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Can we reopen this question? Originally it presented some arguments for reducing the number of PhD positions offered, and asked, "What's your opinions about this". It's been edited so it's fairly clear what it's asking (Are my arguments valid, What counter-arguments are there), it hasn't been answered in an especially satisfactory way, and it's a valid (and useful) question. (Although it would benefit if it would be more clear who "we" is in the context of the question.)

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    It still looks pretty opinion/discussion-based to me. There are individual claims that could be countered or investigated, but the question isn't really asking about that, it's asking for an opinion on the synthesis, by my read. The title is also terrible: "Is there any valid reason..." – Bryan Krause Mar 21 at 15:25
  • Eh, the title is asking an especially clear and answerable question. What exactly counts as "valid" might be up for discussion, but it asks for any reason. I suspect what you're attributing to the question can be pretty safely attributed to the asker, i.e. they have an agenda and want to know about the synthesis, but the question itself seems fine to me as a question. (Is it really more opinion-based than "How should I deal with discouragement as a graduate student?"? That's the highest rated question on this site.) – sgf Mar 21 at 19:17
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    Given that the question is based on a large fallacy (that the number of PhDs awarded should somehow line up with the number of faculty openings), a valid answer to the question is, "Yes, there are valid reasons to not limit the number of PhDs". No, it is still a biased question with answers that are personal opinion. – Jon Custer Mar 21 at 20:26
  • @JonCuster So you're saying that the question should stay closed because there's a valid answer to it? Or because the answer is especially obvious? Every question has answers that are personal opinion. But there are (I assume) answers that are not purely opinion. Is there some sort of guideline for when a question counts as "opinion-based"? – sgf Mar 21 at 20:37
  • But it is an entirely useless 'valid' answer, since the question is broken to begin with. – Jon Custer Mar 21 at 20:41
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    @sgf stackoverflow.blog/2010/09/29/good-subjective-bad-subjective is the canonical reference linked from the help. In general, academia.SE tends to allow subjective questions when the answers are based on personal experience, either in the position of the question-asker or the people they are interacting with (admissions and other committees, journal editors/reviewers, etc). This question doesn't fit those categories. – Bryan Krause Mar 21 at 20:42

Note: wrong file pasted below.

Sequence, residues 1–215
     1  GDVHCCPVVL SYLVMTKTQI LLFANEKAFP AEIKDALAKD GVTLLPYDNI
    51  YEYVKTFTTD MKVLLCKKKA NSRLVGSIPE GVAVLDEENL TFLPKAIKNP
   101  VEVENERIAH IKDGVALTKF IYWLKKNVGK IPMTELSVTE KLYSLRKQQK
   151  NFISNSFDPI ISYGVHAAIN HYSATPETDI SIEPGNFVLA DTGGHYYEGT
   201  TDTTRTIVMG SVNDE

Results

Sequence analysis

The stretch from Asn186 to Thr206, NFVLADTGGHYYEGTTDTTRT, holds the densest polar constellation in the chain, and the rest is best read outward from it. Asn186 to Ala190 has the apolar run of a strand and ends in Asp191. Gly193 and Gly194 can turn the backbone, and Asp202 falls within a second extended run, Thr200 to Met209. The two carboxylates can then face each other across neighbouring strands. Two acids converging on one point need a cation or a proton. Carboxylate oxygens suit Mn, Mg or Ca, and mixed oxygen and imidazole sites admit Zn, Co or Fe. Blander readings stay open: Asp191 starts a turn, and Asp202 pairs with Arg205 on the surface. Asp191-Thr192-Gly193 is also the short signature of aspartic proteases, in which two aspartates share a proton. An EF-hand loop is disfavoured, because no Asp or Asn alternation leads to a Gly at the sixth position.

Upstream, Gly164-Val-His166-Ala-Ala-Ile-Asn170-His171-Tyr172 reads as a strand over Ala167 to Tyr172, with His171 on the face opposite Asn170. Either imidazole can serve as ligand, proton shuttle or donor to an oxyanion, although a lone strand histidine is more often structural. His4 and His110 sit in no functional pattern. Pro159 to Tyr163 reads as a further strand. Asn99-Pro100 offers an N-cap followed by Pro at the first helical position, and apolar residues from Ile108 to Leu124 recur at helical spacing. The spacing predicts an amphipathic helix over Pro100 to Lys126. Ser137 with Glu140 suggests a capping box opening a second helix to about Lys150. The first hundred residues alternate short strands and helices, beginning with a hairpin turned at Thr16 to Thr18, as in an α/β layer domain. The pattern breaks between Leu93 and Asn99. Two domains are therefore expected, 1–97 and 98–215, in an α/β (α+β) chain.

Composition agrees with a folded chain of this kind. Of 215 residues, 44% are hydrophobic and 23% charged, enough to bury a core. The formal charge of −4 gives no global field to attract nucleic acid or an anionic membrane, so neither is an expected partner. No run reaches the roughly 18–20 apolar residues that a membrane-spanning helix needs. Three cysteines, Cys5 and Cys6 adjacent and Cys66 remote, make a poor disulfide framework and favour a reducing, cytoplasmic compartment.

• @BryanKrause I'm aware of that. I'm not convinced yet that the question falls into camp subjective to begin with. After all, Jon Custer is convinced that there is an objective answer to it. – sgf Mar 21 at 20:44
  • I don't want this to turn into a fight, by the way. It seems to me that the kernel of the question is this: "It is generally understood that many more people go into a PhD with the intention of staying in Academia than actually will be able to. Does this mean that there should be fewer PhD positions." That seems like a legitimate question to me. – sgf Mar 21 at 20:50
  • I agree it's a legitimate question, but I don't think it fits the SE format well. The answer will be based on personal opinions and will solicit discussion. There is no reference that will support an opinion either way (except to say someone else shares that opinion). – Bryan Krause Mar 21 at 21:00
  • Let’s put it this way - I have a PhD and do not work in academia. My company employs more than 1000 PhDs. I’ve hired dozens of them. The question is bad and simply unfounded. – Jon Custer Mar 22 at 2:41
  • @JonCuster Perhaps, but if so, it doesn't follow from what you're saying. Honestly you give the impression you want the question closed because you don't agree with the underlying assumptions, but to me that sounds like a good reason to answer the question, challenging those assumptions, not to close it. – sgf Mar 22 at 11:44
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    @sgf - you seem quite passionate about an admittedly flawed question. I suggest that you craft a clear question in line with your interpretation of the question and ask it. – Jon Custer Mar 22 at 14:30
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The linked post isn't a question; it's a persuasive essay. There isn't even much of an attempt to frame it as an objectively addressable question; it's simply an attempt to argue a philosophical viewpoint from one particular angle. While this is a great "letter to the editor" or blog post, I would suggest that this is a perfect example of a question that we aren't looking for on this site.

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